- Architecture Support
Before you install AFS on your machine, please check the supported architectures table. If your operating system is not supported, we recommend upgrading to a supported version. If you are using a PC or a Mac and want to access AFS directly, you should install the Stanford Desktop Tools provided for Windows or Macs and use the native AFS clients that are included.
If you are installing AFS on Linux, do not follow the instructions below (which are for installing AFS kits). Instead, see one of the following pages:
If you have another distribution not listed and your distribution does not come with OpenAFS packages, go to the OpenAFS web site and download the source. You can then build the client and kernel modules from source, install them, and then follow the the Red Hat configuration instructions (starting with point two).
- Firewall Ports
If you are using a firewall, make sure that it allows UDP packets to ports 7000 through 7010. The AFS protocol uses UDP for communication with the server and the server has to be able to respond to client requests. (All of the ports in that range are not used by tools that we use at Stanford, but the above range will avoid any problems.)
- Current AFS Version
To check the version of AFS you are currently running (assuming you already have AFS installed), use this command:
/usr/afsws/etc/rxdebug <hostname> 7001 -version
- Getting AFS Software
The AFS client software is packaged in gzipped tar files which are available via webauthed pages. You'll need your SUNet ID and password to access the software.
On your local system, create the /usr/vice/etc directory.
mkdir -p /usr/vice/etc
Download the software by pointing your browser to the AFS Client Distribution Area and picking the tarball that corresponds to your architecture.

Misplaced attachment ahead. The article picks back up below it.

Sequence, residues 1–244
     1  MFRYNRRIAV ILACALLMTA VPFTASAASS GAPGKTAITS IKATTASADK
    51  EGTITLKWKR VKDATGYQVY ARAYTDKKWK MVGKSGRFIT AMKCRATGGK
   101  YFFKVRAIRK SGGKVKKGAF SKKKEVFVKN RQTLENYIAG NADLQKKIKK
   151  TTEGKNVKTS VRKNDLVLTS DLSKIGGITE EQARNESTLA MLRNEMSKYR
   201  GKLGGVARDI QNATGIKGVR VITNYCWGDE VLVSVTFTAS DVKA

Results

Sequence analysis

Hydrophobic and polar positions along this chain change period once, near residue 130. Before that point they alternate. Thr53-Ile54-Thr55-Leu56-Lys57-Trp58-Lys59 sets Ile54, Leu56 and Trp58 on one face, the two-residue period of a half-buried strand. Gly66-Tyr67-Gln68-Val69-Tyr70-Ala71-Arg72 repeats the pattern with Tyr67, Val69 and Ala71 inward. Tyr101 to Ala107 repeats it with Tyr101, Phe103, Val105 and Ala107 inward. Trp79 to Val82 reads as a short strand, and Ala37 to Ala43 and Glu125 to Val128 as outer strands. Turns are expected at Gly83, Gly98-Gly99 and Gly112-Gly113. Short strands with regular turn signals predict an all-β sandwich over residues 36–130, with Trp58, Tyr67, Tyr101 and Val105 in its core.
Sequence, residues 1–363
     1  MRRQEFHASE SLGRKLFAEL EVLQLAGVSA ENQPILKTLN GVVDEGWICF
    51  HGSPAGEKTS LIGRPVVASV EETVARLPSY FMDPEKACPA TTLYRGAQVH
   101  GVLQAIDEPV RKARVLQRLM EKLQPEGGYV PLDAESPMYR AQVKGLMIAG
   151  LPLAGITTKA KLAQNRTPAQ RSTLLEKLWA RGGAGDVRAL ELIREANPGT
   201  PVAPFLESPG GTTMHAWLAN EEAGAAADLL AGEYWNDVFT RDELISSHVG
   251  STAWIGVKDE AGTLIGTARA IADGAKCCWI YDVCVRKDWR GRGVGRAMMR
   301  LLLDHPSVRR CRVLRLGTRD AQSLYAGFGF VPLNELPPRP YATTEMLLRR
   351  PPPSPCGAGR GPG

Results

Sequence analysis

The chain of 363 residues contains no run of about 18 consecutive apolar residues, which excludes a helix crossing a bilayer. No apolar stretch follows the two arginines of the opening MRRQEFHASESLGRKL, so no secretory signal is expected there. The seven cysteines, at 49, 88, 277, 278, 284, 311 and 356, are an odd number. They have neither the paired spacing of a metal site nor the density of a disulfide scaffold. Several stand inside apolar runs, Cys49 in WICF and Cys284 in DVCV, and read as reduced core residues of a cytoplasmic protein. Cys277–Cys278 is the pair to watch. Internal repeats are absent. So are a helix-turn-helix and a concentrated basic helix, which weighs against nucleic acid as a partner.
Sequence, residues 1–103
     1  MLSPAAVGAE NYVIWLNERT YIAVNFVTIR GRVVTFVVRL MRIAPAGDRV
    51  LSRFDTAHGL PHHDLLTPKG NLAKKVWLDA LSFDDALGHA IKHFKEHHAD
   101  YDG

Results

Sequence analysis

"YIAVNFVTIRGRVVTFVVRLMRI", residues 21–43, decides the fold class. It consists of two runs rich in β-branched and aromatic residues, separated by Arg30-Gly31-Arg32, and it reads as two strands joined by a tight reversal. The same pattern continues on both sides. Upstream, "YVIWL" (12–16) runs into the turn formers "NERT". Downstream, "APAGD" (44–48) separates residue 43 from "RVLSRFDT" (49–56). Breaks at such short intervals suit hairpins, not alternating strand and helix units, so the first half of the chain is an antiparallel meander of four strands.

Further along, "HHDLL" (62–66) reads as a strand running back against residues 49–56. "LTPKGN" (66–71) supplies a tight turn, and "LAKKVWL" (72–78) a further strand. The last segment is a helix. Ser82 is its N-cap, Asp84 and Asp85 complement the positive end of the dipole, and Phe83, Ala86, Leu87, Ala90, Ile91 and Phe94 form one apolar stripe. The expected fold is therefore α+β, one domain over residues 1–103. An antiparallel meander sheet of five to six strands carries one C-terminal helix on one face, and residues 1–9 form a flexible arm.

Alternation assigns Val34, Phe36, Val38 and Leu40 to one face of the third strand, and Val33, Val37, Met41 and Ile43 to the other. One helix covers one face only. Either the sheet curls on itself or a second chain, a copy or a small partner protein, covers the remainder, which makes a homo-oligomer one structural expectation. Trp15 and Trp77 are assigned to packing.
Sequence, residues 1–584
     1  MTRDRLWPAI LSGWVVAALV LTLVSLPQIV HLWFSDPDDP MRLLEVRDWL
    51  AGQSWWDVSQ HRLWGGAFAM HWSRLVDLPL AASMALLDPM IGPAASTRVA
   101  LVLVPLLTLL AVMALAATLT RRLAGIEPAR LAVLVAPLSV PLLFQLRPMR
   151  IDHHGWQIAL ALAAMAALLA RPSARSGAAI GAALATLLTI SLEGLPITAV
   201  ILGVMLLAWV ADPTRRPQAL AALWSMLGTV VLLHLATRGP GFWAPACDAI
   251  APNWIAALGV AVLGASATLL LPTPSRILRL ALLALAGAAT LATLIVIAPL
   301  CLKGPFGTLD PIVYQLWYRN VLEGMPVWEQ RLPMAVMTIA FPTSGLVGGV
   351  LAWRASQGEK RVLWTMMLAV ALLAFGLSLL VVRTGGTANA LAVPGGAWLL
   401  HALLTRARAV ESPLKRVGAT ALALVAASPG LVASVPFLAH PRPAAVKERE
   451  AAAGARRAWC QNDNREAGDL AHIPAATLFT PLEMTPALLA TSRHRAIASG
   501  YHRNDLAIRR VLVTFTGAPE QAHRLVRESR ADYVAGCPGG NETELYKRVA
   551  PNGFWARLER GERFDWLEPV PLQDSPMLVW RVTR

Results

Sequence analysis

Untar the distribution in the /usr/vice/etc directory, delete the tar file, and copy "aklog" to /usr/local/bin/aklog:
tar -xvzf openafs-<version>-<sysname>.tar.gz
rm -f openafs-[version]-[sysname].tar.gz
cp aklog /usr/local/bin/aklog
Unix has a slightly different method for installing the AFS kernel module. Please click on the link that corresponds to your operating system, and return here when you have completed the instructions on that page.
AFS Cache Setup
Every AFS client must have a cache in which to store local copies of files brought over from the AFS server machines. The AFS daemon (afsd) consults /usr/vice/etc/cacheinfo at startup to learn the defaults for cache size and location and where to mount AFS locally. To set up your AFS cache:
- Decide the size of your local AFS cache
Although AFS caches can be as large as 1 Gigabyte, a local cache of between 50 Megabytes and 200 Megabytes should be sufficient for most systems' needs.
- Decide which partition to use
You need to select a disk partition where you'll have the amount of space you specified for your cache above.
It is easiest to do this by making a separate disk partition dedicated to your AFS cache. If you choose to have the cache share a partition, be sure that the partition you choose is not likely to grow full from other things (e.g., incoming mail, log files, tmp files, etc.). If you cannot find a partition with enough free space to accommodate your AFS cache size, you will need to make your cache smaller.